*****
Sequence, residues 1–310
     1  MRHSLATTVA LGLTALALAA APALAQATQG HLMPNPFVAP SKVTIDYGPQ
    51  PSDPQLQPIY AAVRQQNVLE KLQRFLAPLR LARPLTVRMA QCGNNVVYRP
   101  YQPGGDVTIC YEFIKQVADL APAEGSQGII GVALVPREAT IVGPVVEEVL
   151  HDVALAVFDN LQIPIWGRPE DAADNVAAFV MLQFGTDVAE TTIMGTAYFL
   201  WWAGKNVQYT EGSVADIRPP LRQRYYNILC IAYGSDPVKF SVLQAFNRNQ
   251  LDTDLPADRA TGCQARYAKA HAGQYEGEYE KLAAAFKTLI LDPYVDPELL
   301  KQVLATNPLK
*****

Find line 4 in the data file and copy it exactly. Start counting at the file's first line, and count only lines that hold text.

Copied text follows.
   101  YQPGGDVTIC YEFIKQVADL APAEGSQGII GVALVPREAT IVGPVVEEVL